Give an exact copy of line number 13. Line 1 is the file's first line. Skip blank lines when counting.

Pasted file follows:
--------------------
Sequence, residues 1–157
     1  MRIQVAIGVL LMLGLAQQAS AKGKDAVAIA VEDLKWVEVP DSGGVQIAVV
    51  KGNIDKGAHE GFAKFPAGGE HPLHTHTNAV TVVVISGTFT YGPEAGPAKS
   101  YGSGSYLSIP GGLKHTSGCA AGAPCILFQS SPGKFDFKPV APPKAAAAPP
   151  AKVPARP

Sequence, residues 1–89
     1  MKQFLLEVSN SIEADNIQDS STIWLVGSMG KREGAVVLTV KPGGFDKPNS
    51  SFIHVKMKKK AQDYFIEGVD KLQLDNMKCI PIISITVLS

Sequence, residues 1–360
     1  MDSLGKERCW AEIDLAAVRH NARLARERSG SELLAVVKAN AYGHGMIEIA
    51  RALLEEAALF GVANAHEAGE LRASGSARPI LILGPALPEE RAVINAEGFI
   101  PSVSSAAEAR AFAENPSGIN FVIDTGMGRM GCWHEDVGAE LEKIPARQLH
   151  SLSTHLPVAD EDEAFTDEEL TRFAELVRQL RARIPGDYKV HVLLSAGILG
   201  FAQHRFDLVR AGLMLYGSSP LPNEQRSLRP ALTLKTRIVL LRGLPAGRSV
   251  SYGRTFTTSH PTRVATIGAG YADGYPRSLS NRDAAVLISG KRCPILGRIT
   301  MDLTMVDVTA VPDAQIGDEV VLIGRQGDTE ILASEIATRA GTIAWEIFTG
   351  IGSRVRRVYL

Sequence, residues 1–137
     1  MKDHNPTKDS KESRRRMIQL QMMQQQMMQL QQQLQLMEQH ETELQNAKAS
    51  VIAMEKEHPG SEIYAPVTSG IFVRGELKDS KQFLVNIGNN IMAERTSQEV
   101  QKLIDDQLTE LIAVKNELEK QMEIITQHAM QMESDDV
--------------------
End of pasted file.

   151  SLSTHLPVAD EDEAFTDEEL TRFAELVRQL RARIPGDYKV HVLLSAGILG